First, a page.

Of course, one can set a more permissive threshold on w_{6} and observe more icosahedra. A percolating network of icosahedral neighbourhood can even be found at a high volume fraction if the threshold encompasses enough particles (Fig. 5c). However, the imperfect icosahedra particles that must be included to form this network have a mobility comparable to the bulk (Fig. 3b). Furthermore, we checked that this percolation is of the 3D random percolation class (cluster size distribution follows a power law of exponent ≈2.1, Fig. 3a), meaning that a comparable network could be obtained by picking randomly the same number of particles (Fig. 5d). We conclude that the concept of an icosahedral network is not physically meaningful, at least in our system.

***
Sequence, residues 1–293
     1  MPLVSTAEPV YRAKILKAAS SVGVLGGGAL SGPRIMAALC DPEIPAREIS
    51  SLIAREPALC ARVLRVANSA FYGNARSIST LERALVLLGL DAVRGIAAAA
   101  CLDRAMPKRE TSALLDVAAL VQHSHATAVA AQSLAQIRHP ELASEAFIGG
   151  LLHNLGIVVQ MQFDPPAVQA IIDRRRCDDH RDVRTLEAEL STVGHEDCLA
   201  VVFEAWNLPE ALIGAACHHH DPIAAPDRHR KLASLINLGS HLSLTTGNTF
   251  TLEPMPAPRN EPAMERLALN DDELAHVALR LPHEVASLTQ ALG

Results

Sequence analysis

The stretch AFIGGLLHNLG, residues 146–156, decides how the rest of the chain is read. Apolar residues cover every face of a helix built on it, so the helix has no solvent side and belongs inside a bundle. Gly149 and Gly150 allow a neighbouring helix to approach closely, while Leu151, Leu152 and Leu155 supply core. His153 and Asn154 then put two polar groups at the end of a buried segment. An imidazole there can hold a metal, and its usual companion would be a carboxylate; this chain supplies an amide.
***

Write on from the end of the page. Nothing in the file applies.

As a final but an intuitive check, we compare the spatial repartition of stable crystallike order (Fig. 4c) and slow particles (Fig. 4d). As shown in Berthier and Jack^{12}, the correlation between structure and dynamics is not a onetoone correspondence at the particle level but a statistical relationship on larger length scales. We were able to show visually this correlation by averaging out short time (t^{dh}/2) fluctuations of Q_{6}; by calculating the square displacement of each particle over 2τ_{α}≈4.5t^{dh}, which allow to accumulate many rearrangement events; and by coarsegraining this value over the particle's neighbours^{12} (see equation (14) in Methods). Figure 4d displays the 10% slowest particles according to this criterion and their neighbours. The correlation of shape and size is clearly seen between Fig. 4c,d, although it is not perfect. The slight disagreement comes from the following: some clusters of FCClike order disappear soon after the initiation of the displacement measurement and some particle groups, which come back to their original positions after the period of 2τ_{α} , can be accounted as slow particles. We could find no such correlation between icosahedral particles (Fig. 4b) and slow regions.